With the history of Central Europe in the context of recent sentiments of xenophobia and white supremacy spewing from the daily news, during last month’s visit to Vienna we wanted to devote some quality time to honoring the local Jewish population who survived a genocide less than two generations ago. On a Monday morning M, G, D, and I boarded the streetcar for downtown from our apartment in the Döbling district. After a delightful breakfast at the historic Café Central we made our way to Jüdisches Museum der Stadt Wien, the Jewish Museum Vienna.
The second equinox hangs in the air, suggesting balance between dark and light. As the earth rotates through its even-handedness I am preparing to take a short break from the whitest metropolitan area in the wealthiest nation to visit a region infamous for the systematic murder of racial, religious, and other minorities: Central Europe. Our long time friend M will be joining G and me while we are stationed in Vienna, the birthplace of Alfred P. Adler, my university’s namesake and Jewish refugee who moved to the U.S. in the 1930s in anticipation of the horrors of the emerging fascist regime. The equinox paired with Adler’s principles of gemeinschaftsgefhül—roughly, we as humans are whole within our community—create a useful framework for me to wrap my journey. Lately I’ve been feeling the need to find balance in myself as a part of my community amidst its extremes.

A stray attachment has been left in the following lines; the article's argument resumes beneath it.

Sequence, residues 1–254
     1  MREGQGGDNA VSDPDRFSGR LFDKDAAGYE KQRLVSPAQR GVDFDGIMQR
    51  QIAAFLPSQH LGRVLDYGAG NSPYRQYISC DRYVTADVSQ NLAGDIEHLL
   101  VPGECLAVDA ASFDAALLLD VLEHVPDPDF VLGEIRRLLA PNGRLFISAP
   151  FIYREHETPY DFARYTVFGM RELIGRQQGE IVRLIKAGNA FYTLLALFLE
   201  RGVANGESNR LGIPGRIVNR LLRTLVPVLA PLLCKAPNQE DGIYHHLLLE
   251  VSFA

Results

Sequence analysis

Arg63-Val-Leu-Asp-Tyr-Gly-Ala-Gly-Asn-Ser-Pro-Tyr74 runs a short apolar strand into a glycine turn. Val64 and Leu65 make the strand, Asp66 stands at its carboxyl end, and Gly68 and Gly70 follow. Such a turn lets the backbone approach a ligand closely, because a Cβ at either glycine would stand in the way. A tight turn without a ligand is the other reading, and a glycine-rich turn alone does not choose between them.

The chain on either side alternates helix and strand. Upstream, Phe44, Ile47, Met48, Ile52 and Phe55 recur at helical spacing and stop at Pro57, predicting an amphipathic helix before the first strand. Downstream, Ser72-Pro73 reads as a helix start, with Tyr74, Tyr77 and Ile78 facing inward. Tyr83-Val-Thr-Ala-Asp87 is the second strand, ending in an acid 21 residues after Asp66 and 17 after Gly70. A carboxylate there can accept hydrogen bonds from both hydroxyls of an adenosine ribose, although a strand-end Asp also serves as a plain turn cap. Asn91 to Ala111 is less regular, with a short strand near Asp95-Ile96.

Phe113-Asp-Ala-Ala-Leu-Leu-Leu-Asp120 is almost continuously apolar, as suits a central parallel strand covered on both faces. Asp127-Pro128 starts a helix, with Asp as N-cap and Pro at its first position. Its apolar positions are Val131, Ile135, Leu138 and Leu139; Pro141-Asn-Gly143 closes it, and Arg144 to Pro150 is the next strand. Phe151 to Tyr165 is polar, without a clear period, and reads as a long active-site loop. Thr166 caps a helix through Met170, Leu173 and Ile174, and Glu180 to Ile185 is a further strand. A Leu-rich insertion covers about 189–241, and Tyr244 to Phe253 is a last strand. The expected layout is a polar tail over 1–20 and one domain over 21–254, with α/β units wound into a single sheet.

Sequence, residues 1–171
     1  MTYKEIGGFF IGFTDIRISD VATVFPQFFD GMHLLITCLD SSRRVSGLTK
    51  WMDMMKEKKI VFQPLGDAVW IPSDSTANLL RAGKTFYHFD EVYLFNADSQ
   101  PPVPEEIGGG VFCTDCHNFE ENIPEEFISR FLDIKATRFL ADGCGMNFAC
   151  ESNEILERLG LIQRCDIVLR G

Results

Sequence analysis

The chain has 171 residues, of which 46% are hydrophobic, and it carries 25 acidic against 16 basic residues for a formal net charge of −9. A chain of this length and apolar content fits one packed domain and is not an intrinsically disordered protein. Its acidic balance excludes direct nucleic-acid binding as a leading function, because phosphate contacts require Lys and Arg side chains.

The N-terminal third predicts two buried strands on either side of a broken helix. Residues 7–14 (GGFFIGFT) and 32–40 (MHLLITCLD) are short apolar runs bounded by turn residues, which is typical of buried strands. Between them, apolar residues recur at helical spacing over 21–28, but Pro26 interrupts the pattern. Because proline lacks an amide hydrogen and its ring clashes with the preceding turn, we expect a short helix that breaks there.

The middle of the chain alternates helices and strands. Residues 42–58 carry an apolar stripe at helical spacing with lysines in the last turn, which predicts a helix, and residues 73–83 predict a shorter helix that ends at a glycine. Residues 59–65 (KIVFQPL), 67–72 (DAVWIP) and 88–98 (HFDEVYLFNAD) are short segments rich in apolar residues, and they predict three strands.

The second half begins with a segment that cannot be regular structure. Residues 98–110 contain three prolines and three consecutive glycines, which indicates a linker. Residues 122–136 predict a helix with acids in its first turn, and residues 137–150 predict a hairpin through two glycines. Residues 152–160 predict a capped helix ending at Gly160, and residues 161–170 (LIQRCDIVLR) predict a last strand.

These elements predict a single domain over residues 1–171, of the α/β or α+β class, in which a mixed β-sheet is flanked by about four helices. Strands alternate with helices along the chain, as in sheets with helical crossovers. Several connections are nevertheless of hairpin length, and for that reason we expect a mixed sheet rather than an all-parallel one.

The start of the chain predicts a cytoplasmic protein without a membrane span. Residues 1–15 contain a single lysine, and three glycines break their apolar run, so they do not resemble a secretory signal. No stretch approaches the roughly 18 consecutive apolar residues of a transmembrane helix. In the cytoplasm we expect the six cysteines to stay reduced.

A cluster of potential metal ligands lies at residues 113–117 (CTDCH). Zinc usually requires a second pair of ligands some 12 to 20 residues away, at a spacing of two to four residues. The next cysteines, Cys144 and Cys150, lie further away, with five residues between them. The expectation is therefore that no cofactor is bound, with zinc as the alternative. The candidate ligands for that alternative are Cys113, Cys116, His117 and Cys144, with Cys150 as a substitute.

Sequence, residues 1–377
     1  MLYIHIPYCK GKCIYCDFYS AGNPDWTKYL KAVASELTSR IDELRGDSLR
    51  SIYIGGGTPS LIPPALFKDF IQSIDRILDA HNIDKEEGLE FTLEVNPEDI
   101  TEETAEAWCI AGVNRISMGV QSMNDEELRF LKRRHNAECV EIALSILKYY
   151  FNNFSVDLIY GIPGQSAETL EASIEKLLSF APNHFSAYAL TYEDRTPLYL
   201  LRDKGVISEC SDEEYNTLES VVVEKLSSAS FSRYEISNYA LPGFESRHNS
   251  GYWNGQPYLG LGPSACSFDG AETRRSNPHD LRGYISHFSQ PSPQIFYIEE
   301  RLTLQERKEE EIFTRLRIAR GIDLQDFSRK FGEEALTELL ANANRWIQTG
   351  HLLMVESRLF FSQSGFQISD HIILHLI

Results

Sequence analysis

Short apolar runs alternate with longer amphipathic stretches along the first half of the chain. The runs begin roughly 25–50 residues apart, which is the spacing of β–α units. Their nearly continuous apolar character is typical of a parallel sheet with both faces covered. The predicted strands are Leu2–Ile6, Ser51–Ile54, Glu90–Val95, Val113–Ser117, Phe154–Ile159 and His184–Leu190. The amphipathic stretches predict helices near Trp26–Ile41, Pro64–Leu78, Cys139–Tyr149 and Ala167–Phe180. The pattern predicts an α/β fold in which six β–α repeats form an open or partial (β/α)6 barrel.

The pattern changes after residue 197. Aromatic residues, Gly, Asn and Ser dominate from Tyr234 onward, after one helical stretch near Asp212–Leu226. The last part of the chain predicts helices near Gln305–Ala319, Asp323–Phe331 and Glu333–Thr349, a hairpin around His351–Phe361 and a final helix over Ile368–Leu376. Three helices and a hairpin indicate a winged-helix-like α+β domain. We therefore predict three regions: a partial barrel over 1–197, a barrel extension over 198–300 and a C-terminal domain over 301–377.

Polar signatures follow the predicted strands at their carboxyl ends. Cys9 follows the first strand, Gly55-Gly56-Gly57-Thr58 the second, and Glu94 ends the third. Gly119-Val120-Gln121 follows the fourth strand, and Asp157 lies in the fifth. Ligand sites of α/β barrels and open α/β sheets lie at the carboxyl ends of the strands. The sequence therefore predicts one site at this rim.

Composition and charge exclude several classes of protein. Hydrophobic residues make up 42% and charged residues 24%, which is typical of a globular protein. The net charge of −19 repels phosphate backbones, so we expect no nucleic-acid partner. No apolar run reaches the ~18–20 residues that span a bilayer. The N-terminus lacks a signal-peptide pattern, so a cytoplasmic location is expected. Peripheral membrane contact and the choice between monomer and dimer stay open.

“Have you ever thought about joining up young man?” The police officer looked G in the eye, pointing his finger just inches from his face.
“No sir,” he shook his head, breaking the gaze and casting his eyes toward the floor.
“Fighting for your country is the most important thing you can do to end this conflict.” The officer turned and walked away, continuing his rant, calling for others to enlist in the military and go to the trenches of Europe.
We sat quietly, awaiting our turn to be admitted into Dublin Castle. Other guests milled about, while some sat on the surrounding benches. A simply dressed, if fashionable, young woman stood in front of the interior door.
“Welcome to Dublin Castle,” a well-groomed young man sporting a gold-toned vest and starched, white, collared shirt called from from the main entry into the courtyard. “As a reminder, Britain is at war. Please turn off all electronic devices. We cannot risk intelligence leaks during this sensitive time.”